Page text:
This issue deserves some real consideration. Of course, the devil is in the detail (which we haven’t seen yet) but the concepts are worth looking at.
The idea of a State Income Tax does not appear out of nowhere, and it is worth looking briefly at the history of this issue.
Headline reads: “Government considering a State Income Tax”
With pressure on the States and Territories to raise more of their own income, what are the chances that a State Income Tax could be reintroduced?
At a broad theoretical level, it has some appeal. The States complain of “vertical fiscal imbalance”, a term that we know reflects that the States are committed to much more expenditure than revenue they raise, with the balance coming from the Commonwealth in the form of various grants.
The introduction of the GST was supposed to overcome this to some degree, but recent and continuing events suggest that Commonwealth/State financial relationships are back where they were pre 2000.
State Income Tax not dead, only resting?
The COAG Communique issued on 1 April 2016 from the 42nd COAG meeting in Canberra stated that there was not a consensus among States and Territories to support further consideration of the proposal to levy income tax on their own behalf.
However the leaders agreed to consider proposals to share personal income tax revenue with the States and Territories to:
- provide them access to a broad revenue base that grows in line with the economy;
- reduce the number of tied Commonwealth grants to the States and Territories, providing them with greater autonomy and reducing administrative burden; and
- create flexibility for States and Territories to meet their ongoing expenditure needs.
COAG agreed with the work on broader opportunities for tax reform, including state tax reform, will be progressed by the Council on Federal Financial Relations, with a progress report to COAG at its next meeting.
Back in the day (at the time of Federation), the States levied their own income taxes and the Commonwealth raised most of its revenue by way of customs and excise duties. In 1942 during the Second World War, the Commonwealth introduced such a high rate of income tax and gave itself priority for collection that it made it impossible for the States to continue to levy their own income tax.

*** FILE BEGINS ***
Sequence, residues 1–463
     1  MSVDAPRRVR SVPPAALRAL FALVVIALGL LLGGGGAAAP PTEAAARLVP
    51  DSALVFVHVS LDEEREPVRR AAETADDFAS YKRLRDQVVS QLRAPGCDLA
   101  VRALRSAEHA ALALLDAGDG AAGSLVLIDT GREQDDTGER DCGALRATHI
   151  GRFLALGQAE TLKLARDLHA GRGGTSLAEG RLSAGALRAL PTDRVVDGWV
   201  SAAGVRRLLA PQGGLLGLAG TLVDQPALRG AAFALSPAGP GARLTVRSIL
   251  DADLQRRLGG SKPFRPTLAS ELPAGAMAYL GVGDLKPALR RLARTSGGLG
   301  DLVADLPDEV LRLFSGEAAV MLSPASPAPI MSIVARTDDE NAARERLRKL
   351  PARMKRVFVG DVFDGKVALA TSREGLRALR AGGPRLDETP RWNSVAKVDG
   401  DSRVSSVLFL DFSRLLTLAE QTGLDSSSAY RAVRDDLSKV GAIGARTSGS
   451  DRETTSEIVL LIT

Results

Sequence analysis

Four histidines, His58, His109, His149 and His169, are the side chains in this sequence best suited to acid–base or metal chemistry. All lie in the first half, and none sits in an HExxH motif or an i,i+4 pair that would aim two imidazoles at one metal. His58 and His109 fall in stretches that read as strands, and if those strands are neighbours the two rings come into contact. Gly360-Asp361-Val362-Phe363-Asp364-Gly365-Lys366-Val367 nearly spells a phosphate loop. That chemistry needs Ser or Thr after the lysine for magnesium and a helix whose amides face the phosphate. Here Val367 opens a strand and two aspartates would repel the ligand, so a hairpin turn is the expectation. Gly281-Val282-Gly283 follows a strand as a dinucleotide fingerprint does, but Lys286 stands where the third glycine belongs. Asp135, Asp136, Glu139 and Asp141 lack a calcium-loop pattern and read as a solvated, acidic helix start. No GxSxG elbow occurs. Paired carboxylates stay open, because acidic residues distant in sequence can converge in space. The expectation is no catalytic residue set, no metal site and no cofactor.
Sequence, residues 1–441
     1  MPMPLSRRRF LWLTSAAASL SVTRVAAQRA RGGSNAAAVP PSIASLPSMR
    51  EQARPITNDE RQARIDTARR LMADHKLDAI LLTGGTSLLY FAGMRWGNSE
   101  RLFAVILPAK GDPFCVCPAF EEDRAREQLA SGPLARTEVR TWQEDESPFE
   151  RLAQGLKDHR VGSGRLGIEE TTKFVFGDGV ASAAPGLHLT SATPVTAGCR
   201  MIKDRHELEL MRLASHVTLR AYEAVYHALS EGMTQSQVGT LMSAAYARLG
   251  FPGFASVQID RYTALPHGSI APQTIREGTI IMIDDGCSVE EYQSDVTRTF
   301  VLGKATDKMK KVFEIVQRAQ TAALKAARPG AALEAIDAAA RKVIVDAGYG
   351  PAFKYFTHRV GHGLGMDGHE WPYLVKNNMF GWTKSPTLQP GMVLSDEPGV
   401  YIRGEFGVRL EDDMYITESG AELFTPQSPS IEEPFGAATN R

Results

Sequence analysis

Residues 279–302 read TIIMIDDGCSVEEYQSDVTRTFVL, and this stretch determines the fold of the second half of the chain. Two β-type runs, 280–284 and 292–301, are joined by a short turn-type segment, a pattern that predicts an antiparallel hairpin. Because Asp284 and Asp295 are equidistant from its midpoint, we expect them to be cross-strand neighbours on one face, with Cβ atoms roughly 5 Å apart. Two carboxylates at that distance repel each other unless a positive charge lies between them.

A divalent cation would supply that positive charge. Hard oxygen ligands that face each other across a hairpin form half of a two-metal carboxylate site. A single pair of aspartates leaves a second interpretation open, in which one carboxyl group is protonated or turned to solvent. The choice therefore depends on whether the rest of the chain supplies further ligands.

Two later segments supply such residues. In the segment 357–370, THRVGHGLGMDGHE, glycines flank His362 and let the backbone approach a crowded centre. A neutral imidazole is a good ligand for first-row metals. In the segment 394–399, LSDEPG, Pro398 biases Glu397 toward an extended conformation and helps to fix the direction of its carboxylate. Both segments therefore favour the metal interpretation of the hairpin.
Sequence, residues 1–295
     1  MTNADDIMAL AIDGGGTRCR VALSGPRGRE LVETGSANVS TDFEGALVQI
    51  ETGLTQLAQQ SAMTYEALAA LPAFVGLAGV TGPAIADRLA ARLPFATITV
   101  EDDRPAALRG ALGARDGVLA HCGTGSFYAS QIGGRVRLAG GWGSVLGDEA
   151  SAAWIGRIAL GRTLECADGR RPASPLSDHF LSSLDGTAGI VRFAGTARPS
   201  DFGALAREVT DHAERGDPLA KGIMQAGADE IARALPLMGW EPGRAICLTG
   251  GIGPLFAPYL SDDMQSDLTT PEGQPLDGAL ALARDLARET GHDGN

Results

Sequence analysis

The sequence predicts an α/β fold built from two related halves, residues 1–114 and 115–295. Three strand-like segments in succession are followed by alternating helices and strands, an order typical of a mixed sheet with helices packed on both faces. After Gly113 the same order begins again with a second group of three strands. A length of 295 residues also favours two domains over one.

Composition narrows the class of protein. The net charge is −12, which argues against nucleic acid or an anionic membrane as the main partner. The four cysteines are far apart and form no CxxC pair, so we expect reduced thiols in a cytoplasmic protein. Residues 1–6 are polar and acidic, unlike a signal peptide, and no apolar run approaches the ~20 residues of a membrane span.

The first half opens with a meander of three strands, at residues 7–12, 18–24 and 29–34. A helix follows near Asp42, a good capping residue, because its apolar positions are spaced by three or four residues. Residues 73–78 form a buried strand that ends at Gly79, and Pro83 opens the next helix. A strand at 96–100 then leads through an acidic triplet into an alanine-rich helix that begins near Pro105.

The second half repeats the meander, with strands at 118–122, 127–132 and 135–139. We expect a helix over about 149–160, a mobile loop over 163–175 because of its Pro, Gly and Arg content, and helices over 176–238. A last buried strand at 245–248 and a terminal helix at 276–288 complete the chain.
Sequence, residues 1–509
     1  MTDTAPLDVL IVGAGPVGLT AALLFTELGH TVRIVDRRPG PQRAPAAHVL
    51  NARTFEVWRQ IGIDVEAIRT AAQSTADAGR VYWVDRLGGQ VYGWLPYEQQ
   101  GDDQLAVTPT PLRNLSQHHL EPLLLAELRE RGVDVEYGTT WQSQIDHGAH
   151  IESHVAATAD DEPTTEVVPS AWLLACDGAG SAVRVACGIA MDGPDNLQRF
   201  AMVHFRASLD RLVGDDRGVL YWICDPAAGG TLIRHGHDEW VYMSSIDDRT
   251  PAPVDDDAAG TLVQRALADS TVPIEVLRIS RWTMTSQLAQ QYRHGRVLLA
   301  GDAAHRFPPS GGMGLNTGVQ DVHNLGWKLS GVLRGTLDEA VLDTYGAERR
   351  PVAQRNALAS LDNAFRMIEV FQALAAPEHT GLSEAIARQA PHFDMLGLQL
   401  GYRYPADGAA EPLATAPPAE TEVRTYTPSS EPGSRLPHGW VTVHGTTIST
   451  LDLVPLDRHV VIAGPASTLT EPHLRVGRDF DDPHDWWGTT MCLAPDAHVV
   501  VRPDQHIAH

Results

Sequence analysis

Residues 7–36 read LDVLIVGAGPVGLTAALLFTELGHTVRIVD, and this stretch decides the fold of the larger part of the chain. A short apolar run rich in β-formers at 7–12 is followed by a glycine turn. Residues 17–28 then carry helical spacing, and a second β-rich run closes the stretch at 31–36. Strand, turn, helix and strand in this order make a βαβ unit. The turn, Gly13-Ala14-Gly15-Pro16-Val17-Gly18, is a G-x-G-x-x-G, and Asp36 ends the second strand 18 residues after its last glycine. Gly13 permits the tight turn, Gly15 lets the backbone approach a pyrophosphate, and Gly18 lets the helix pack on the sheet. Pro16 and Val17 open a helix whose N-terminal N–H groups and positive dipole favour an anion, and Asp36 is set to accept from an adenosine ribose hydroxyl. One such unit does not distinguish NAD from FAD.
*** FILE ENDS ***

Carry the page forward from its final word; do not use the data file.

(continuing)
This measure was a temporary one for the duration of the war and the States were given compensation by way of what are now known as Commonwealth grants. These grants were to continue for five years after the cessation of the war.
Upset at the loss of their access to income tax, a number of States (most notably South Australia) took their case to stop the Commonwealth to the High Court in 1942 in what was called “the first Uniform Tax Case”. They lost. This meant that the Commonwealth was allowed to raise income tax and take priority in collection even though it effectively meant the States could not also apply their own income tax.
In 1957, some States again took the Commonwealth to the High Court on a similar issue and, unsurprisingly, lost.
These decisions do not mean that the States cannot apply their own income taxes; it seems that they are Constitutionally allowed to do so. What it seems to mean, is that the Commonwealth calls the shots. If the Commonwealth wants to apply an income tax and take priority, it can. But there does not seem to be anything to stop the Commonwealth from allowing the States to levy their own income taxes.
On 19 January 1970, the Premiers of all States signed a document entitled The Financial Relationships of the Commonwealth and the States. This document envisaged a scheme whereby the States should have access to income tax. At the subsequent Premiers’ Conference in February 1970, the Prime Minister, John Gorton, rejected this proposal, citing a number of objections. These included macro-economic policy making considerations, the “equitable” treatment of all Australians brought about by uniform taxation, the budgetary problems that would be faced by the States as income tax receipts fluctuated and the problems that would arise in the process of calculating equalisation grants by the Commonwealth Grants Commission
In 1976, as part of Malcolm Fraser’s “New Federalism” policy, income tax sharing arrangements with the States were introduced. As part of those arrangements, the Income Tax (Arrangements with the States) Act 1978 was passed which enabled the States to levy marginal income tax surcharges or rebates. The Act was repealed in 1988 and, during that ten year period, none of the States took up the opportunity to levy their own income tax. This may have been in part because the Commonwealth was not prepared to make room by lowering its rates.
In 1991, the Working Party on Tax Powers to the Special Premiers Conference noted that addressing vertical fiscal imbalance would “involve fundamental changes to the relationships between the various levels of government as well as the tax system of the nation. Changes of this nature have far-reaching effects on the community and, while that is no reason for avoiding change, it does argue for very careful consideration”.
In 2000, the Commonwealth introduced the GST, with revenues hypothecated to the States.
In 2010, the review of Australia’s Future Tax System (the “Henry Tax Review”) noted that:
“VFI may lead to accountability problems in regard to expenditure and taxation decisions made by governments. A closer matching of revenue and expenditure responsibilities at each level of government may increase the accountability of governments by making government financing more transparent.”
The Current Problem
Put simply, the States have limited capacity to raise revenue. They have inefficient taxes like (stamp) duty which raise a considerable chunk of their revenue. There is also the unpopular payroll tax (a tax on employment) and land tax. States have varying access to mining royalties and gambling taxes but the raising of royalties effectively reduces their access to Commonwealth grants.